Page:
on Jul 28, 2011 at 11:19:54 pm

So may I just clarify something? One can store anything on a DVD, even HD footage at very high resolution (eg. 1920x1080). The problem is that standard DVD players can't play it, right?

So if our motivate is to reproduce our wonderful original HD footage as best as possible, there's nothing we can do with DVDs that will produce better resolution and be playable on home DVD players (even if it is only a 10 minute video, and there's plenty of room on the DVD for it)?


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Dave Haynie
Re: Making the best quality dvd possible
on Jul 29, 2011 at 2:47:04 am

[James Reeve] "So may I just clarify something? One can store anything on a DVD, even HD footage at very high resolution (eg. 1920x1080). The problem is that standard DVD players can't play it, right?
"


That is correct. A DVD is always a data disc. There are a few formats -- specific collections of directories and files, which go on a DVD in such a way that appliance-type devices understand them. These including things like DVD-Video and DVD-Audio. Most Blu-ray players understand one additional format, the AVCHD DVD, which is "HD Video shot on camcorder", at least originally (of course, it's also used on memory cards today).

So as I mentioned, the video and audio formats for DVD players are fixed in stone. If you want to make a DVD that plays on a regular DVD player, that's what you create: MPEG-2 at 720x480 or 352x480, or MPEG-1 352x240, 60i or 24p, or 720x576 or 352 x 576 in MPEG-2, 352x288 in MPEG-1, 50i. Those are representations of standard definition, and the only thing conventional DVD players will ever play as a standard. Period. Anything even slightly higher resolution is not a DVD standard.

This is exactly why the Blu-ray standard was created -- we needed a disc format for HD. DVD is and always will be SD. No loopholes, period.

-Dave


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Rob Robertson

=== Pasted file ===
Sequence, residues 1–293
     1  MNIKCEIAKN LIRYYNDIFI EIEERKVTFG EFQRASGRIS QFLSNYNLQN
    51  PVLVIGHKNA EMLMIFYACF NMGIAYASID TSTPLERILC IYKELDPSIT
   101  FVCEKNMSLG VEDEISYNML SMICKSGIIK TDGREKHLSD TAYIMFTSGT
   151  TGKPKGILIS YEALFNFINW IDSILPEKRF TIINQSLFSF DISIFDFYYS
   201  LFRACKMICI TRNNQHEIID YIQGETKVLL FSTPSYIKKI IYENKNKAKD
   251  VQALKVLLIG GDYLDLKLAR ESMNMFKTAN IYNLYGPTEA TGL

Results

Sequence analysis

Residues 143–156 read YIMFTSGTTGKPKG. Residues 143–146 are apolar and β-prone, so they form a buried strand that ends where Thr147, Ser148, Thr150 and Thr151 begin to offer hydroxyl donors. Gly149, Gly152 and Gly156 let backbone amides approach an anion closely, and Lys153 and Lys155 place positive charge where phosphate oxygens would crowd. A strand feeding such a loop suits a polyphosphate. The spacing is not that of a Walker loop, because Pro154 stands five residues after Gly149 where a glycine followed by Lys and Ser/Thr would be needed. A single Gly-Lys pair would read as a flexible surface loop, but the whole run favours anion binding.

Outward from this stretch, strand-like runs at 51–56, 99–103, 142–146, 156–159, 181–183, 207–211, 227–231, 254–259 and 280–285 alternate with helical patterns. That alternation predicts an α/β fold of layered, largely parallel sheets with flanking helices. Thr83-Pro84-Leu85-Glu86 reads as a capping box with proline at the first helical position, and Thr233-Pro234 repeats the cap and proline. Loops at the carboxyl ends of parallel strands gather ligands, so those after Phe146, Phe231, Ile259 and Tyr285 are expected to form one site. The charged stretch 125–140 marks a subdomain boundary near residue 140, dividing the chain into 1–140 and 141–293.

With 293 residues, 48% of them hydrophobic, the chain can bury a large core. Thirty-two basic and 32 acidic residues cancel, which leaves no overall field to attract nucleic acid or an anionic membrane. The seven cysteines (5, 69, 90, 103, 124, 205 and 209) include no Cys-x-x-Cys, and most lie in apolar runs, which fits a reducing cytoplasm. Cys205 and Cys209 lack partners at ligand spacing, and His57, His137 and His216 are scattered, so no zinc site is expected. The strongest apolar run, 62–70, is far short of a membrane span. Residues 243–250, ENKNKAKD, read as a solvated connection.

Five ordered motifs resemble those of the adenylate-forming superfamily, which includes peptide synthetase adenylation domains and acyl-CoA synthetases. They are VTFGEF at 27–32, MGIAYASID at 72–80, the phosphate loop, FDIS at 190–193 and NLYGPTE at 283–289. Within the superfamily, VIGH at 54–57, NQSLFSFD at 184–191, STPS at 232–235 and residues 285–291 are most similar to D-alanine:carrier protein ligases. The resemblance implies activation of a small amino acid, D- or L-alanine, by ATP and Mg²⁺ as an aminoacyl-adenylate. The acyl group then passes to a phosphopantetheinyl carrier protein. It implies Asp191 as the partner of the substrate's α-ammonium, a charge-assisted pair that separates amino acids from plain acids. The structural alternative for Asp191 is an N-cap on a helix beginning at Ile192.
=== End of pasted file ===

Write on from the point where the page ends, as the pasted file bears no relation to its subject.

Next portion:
Re: Making the best quality dvd possible
on Sep 30, 2013 at 4:32:28 am

Could someone please explain to me why I put a store bought Standard (Not Blu-Ray) DVD in my computer, the image is crisp and clear and perfect full screen. Looks like HD to me. When I burn my own standard DVD from a video file that looks just as sharp and just as high resolution as the store-bought DVD and then play it back, it looks like absolute crap! If NO standard DVD can record at anything above 720X480 NSTC, then how do Store Bought DVDs have such great quality on a 1920 X1080 screen while a DVD I burn (No matter what software I use or what settings I use has only a fraction of the original quality of the source file and looks about as good as an old worn VHS tape when viewed full screen on the same monitor. Makes me believe that there is one set of DVD authoring software for commercial applications, and another for the general public. Can anyone explain the disparity to me?

I have spent hours searching the web for the secret of burning a DVD that looks as good as a store-bought DVD (assuming I have High Quality, HD footage to start with...which I do) and can't even find people asking this obvious question.


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Morten Kristiansen
Re: Making the best quality dvd possible
on May 14, 2014 at 11:12:21 am

I am having the same experience. Great quality on DVDs I rent/buy and crap DVD quality of the ones I burn myself. Aliasing and pixelated.


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Steve Curtis
Re: Making the best quality dvd possible
on May 18, 2016 at 2:30:50 am

So explain to me how Hollywood continually puts their very high quality film products onto a regular DVD, they are more often than not OVER 2 hours in length, and they look fantastic? How does that work? I want to make that same kind of product. I have a feeling it's a special disk, and not a DL either. What is it?


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Jeff Pulera
Re: Making the best quality dvd possible
on May 26, 2016 at 2:26:19 pm

First off, the Hollywood source video is cleaner and higher resolution than most of us can accomplish with consumer/prosumer gear. Most camcorders today are recording using AVCHD at 24mbps (very highly compressed) with 4:2:0 8-bit color (low fidelity), so the source is weak to begin with.

Hollywood uses a $30K+ encoding system like Scenarist with a professional Compressionist operating the system and tweaking the compression levels on a scene by scene basis to do the MPEG-2 encoding.

The Hollywood DVDs are Dual-Layer discs with double the capacity of the standard 4.7GB DVD-R discs, so they have room to increase the data rate for better quality. So, many factors are involved.

I've never had good luck converting 1080i HD to DVD using standard Adobe encoding tools. I use third-party apps that are free to get really nice DVDs that look great on an HDTV. Using Virtual Dub, HD2SD plugin, HC Encoder for MPEG-2 creation, then authoring with Adobe Encore CS6.

I've heard good things about the Tsunami MPEG Encoder (TMPGEnc) but have not tried it - http://www.tmpgenc.net/en/index.html

Thanks

Jeff